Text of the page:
The importance of our Natural Infrastructure

Prioritising the identification, protection and restoration of Natural Infrastructure provides a significant opportunity to realise the Government’s ambition of us being the first generation to leave the environment in a better state than which we found it.

In every parliament, the National Infrastructure Commission sets out their views about our long-term infrastructure needs in a National Infrastructure Assessment (NIA). Looking over a 30-year time horizon, they consider the demand and supply of infrastructure services and assets, such as roads or fibre optic cables, and make recommendations to government on how these needs are best met.

They consider major sectors including transport, energy, water & wastewater, and flood risk management – areas where projects could impact significantly upon the environment. What they don’t tend to consider is whether these sectors could in fact benefit from the services that our countryside and green spaces provide.

A recent ‘call for evidence’ provided a welcome opportunity to help shape the next NIA, due in 2018. The Wildlife Trusts took that opportunity to champion the value of nature; arguably the most valuable but the least valued component of our national infrastructure.

Current research is already demonstrating the ‘public goods’ that can be cost-effectively provided by the environment, from holding back floodwaters, to storing carbon and creating new habitats:

  • Devon’s Culm grasslands provide an extra 20% carbon storage compared to agriculturally improved fields, and have 4.5x the water storage capacity.
  • The Humber estuary’s 400ha Alkborough Flats managed realignment scheme cost £10m to build and provided £12m of storm protection benefits to land and property, created new intertidal habitat, and delivered other ecosystem services benefits valued at ~£1m a year.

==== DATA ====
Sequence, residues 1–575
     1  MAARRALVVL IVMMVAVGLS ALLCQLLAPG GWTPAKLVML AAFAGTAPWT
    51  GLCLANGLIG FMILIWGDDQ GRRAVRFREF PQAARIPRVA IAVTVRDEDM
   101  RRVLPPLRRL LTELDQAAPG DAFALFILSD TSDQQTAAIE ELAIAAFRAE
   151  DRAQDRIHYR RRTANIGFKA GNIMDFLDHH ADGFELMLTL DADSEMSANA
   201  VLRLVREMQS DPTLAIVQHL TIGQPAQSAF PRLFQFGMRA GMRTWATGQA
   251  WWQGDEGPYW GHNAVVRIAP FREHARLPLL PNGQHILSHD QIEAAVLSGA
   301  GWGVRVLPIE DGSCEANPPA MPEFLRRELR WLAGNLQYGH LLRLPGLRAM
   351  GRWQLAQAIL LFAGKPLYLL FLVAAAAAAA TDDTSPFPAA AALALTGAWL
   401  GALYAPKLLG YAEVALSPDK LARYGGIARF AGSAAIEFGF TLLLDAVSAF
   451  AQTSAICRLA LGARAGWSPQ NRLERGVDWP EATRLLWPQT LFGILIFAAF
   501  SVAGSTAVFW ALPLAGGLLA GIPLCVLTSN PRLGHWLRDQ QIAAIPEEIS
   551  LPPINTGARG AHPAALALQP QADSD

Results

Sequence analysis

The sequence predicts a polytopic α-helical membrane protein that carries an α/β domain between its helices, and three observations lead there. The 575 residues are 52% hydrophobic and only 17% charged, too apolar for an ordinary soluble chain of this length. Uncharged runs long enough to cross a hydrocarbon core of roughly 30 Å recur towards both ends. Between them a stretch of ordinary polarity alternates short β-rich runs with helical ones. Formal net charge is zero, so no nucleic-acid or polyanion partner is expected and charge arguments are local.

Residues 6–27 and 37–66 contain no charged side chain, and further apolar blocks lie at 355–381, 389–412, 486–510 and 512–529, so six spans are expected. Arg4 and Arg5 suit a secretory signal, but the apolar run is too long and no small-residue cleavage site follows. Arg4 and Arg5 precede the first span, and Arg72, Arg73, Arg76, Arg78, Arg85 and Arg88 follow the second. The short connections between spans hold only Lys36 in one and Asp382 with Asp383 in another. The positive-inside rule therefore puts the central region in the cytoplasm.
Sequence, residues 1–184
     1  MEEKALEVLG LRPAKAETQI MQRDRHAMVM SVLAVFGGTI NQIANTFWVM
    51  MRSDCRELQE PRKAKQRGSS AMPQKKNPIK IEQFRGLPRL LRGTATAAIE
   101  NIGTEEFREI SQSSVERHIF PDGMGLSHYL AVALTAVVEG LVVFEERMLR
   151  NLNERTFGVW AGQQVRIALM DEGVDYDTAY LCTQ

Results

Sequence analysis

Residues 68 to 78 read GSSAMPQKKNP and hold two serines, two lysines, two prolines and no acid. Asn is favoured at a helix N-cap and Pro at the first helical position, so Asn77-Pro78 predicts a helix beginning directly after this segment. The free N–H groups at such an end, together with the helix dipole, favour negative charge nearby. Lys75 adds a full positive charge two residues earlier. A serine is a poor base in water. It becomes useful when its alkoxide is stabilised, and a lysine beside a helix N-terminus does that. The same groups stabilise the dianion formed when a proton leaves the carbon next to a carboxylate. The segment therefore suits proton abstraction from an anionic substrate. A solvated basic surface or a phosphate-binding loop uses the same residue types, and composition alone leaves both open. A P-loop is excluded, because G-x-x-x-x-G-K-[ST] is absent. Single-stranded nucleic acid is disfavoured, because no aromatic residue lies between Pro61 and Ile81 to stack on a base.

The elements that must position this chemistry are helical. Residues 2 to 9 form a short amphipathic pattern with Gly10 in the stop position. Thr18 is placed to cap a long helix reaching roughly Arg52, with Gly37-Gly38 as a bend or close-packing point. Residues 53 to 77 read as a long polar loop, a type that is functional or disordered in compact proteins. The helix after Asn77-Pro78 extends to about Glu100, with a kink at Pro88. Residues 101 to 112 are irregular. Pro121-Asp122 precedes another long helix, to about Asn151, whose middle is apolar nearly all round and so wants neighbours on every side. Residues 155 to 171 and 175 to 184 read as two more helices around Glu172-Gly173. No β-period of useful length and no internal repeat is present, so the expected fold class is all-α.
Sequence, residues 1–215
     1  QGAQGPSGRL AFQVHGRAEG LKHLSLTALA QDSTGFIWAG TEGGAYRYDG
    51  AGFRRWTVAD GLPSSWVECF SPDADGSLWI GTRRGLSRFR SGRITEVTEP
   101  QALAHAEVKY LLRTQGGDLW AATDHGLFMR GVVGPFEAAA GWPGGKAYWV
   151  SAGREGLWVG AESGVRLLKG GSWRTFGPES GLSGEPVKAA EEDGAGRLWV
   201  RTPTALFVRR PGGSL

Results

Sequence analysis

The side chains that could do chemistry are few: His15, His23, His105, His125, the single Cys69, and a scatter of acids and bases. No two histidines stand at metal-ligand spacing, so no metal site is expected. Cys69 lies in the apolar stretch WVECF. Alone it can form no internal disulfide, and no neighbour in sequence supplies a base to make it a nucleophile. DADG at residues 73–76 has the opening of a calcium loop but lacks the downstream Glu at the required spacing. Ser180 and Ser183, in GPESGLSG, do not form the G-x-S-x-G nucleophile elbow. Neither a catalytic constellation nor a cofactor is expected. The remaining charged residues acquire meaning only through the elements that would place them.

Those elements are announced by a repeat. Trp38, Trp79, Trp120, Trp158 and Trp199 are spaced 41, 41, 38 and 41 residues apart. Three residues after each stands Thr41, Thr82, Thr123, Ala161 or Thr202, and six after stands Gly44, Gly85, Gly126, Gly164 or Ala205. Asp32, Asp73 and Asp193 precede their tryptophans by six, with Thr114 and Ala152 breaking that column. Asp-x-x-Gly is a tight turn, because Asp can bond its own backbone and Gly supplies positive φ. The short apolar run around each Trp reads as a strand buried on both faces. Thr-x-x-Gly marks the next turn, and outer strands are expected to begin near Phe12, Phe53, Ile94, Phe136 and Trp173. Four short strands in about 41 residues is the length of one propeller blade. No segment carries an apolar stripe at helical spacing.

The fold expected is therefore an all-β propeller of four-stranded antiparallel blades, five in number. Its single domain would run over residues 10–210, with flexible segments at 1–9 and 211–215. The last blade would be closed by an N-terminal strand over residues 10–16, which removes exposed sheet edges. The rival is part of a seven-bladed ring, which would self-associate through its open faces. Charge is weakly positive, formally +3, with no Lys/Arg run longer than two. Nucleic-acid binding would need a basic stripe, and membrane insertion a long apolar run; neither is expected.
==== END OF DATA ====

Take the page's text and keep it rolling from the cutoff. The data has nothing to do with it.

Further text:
• 250ha of peatland restoration in Pumlumon made a total contribution to the UK’s carbon balance of 1347 tonnes of CO2 stored each year.
  • Two timber bunds upstream of Pickering provided potential flood storage volumes of up to 4,880m3, and 104 woody debris dams provided a further ~1,020m3 of potential flood storage.
  • “Leaky ponds” in the Belford Burn catchment saw pollutant concentrations downstream during storms reduced by up to 40%, and a single 800m3 pond delayed peak flows 1km downstream by around 15 minutes

These examples and many others highlight the ways in which natural infrastructure – woods, ponds, grasslands, and even beaver-made dams – can be hugely helpful in delivering services like flood protection and pollution management. This value is very difficult to put an accurate figure on though, and agencies like the Environment Agency which fund flood defence schemes follow a strict funding formula which can make it hard for ‘softer’ measures like these (basically those that don’t involve concrete) to get a look in.

But in some cases, a civil infrastructure scheme may not deliver the required economic benefit, or it may do so better when working alongside natural measures. It is in these instances where natural infrastructure can and should be capitalised upon. Often it is cheaper to work with, rather than against nature. If planning is to fulfil its objective of achieving sustainable development[1], green infrastructure should form a key part of all infrastructure projects; and this should be a given in situations where other options are unaffordable or ineffective.

In the NIA, we’d like to see:

  • Infrastructure development strategically and spatially planned, with local Ecological Network Mapping at its heart – to avoid damage to important natural assets and to maximise opportunities for natural solutions, restoration and enhancements.
  • Integration between the National Infrastructure Plan and local plans for housing, to ensure new developments are well connected to essential services, transport and green space.
  • The design of all new housing developments incorporate green infrastructure and natural solutions that collect and capture water.

These are just some suggestions, and many more will have been made through the evidence submitted to the NIC – we believe that ‘Blue and Green’ really should be seen – our health, wellbeing and prosperity may depend on it – and we call on the NIC to recognise this too.

Ali Morse
Water Policy & Catchment Technical Specialist, The Wildlife Trusts

 

References:
[1] DCLG (2012) National Planning Policy Framework, Para 6